For the 2022 model year, the Colorado is available in base WT (Work Truck), volume-leader LT, sporty Z71, and off-road-oriented ZR2 trim levels. The ZR2 is a special, purpose-built off-road-oriented version of the Colorado only available with 4WD.

The ZR2 includes the following features:

  • Unique full-height grille with bold-face Chevrolet lettering (not shared with other Colorado trims)
  • Cut-away outer bumper sections for greater wheel clearance
  • Steel tubular rocker panel guards
  • Black fender flares
  • Deleted front air dam
  • 2-inch suspension lift
  • 31-inch-tall Goodyear Duratrac all-terrain tires
  • 3.5-inch wider track
  • Domed hood
  • Aluminum skid plates for radiator, engine oil pan, and transfer case
  • Autotrac dual-range 4WD
  • Selectable locking front and rear differentials
  • The ZR2 is available with the Bison package, which groups several cosmetic upgrades and additional protective armor from American Expedition Vehicles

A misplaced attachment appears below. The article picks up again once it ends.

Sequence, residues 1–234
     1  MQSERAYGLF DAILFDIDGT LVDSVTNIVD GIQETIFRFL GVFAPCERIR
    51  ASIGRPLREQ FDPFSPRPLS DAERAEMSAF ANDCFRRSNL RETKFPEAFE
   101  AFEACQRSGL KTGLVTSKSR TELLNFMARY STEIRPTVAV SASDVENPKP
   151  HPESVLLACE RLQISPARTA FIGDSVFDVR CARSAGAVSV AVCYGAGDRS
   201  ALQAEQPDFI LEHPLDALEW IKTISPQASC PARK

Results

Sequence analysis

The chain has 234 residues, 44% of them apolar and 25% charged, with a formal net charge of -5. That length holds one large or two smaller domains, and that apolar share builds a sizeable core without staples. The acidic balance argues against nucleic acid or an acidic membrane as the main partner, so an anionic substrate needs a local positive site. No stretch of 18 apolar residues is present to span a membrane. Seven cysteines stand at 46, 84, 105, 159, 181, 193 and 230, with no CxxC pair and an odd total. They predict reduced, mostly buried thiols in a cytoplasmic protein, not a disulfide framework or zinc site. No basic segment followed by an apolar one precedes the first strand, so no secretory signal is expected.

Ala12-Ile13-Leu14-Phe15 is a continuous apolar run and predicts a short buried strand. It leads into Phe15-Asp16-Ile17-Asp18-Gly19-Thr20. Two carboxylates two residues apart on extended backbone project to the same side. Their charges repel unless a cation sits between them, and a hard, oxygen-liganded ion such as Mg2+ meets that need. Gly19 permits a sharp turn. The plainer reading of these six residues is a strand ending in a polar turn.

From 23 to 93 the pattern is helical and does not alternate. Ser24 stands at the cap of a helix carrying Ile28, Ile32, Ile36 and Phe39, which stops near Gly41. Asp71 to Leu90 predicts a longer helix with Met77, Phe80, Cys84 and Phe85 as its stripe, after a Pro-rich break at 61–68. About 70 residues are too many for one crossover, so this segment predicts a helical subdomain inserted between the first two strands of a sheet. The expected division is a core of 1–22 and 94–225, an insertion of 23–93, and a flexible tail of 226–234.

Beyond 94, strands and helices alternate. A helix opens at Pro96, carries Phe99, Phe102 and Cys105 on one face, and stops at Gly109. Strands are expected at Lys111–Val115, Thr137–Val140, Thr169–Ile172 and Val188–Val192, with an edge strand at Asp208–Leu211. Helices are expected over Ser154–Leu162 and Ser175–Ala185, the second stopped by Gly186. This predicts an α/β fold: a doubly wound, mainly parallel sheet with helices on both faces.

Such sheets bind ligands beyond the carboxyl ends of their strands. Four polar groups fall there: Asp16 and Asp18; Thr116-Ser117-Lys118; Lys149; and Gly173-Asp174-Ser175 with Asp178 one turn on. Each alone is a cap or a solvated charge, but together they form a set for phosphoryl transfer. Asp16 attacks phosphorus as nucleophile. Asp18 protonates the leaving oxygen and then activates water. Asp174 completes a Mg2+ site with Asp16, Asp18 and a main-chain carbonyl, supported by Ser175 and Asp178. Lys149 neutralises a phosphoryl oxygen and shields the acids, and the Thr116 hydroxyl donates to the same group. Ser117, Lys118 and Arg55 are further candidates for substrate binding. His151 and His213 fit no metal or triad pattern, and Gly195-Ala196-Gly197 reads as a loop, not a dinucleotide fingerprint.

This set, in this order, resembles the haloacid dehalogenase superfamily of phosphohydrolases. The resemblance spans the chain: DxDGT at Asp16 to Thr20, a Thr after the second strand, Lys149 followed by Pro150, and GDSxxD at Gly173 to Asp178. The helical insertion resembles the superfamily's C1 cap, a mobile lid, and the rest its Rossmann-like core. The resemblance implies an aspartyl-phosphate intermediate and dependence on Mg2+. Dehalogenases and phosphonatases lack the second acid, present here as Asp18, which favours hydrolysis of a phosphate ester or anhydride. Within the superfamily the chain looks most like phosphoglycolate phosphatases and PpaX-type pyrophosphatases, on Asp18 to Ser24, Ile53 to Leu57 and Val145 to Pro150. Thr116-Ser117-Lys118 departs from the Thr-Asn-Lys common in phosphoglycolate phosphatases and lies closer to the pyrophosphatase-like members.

This review focuses on the off-road-oriented Colorado ZR2 and how it potentially impacts the truck's appeal to consumers. Colorado ZR2 competitors include the Toyota Tacoma TRD Pro, Jeep Gladiator, Nissan Frontier Pro-4X, and the ZR2's corporate twin, the nearly identical GMC Canyon AT4.

What Owners Say About the Chevrolet Colorado - Find the best Chevrolet deals!

2022 Chevrolet Colorado ZR2 Front Quarter View

Photo: Ron Sessions

The Chevrolet Colorado competes in the Midsize Pickup market segment. According to data collected from verified new-vehicle buyers for the J.D. Power 2021 Automotive Performance, Execution and Layout (APEAL) Study, 85 percent of new Chevrolet Colorado buyers are male (vs. 86 percent for the segment), and the median age of a new Colorado buyer is 61 years (vs. 57). Anecdotally, the off-road enthusiast-oriented ZR2 model skews to a younger and even higher-percentage male buyer base.

As part of the APEAL Study, owners rated the Colorado in 10 primary categories. Listed below in descending order, you'll find their preferences from their most favorite thing about the vehicle to their least favorite:

  • Exterior design
  • Driving feel
  • Setting up and starting
  • Powertrain
  • Feeling of safety
  • Interior layout
  • Infotainment
  • Driving comfort
  • Getting in and out
  • Fuel economy

In the 2021 APEAL Study, the Colorado ranks fourth out of five Midsize Pickup models.

What Our Independent Expert Says About the Chevrolet Colorado - Find the best Chevrolet deals!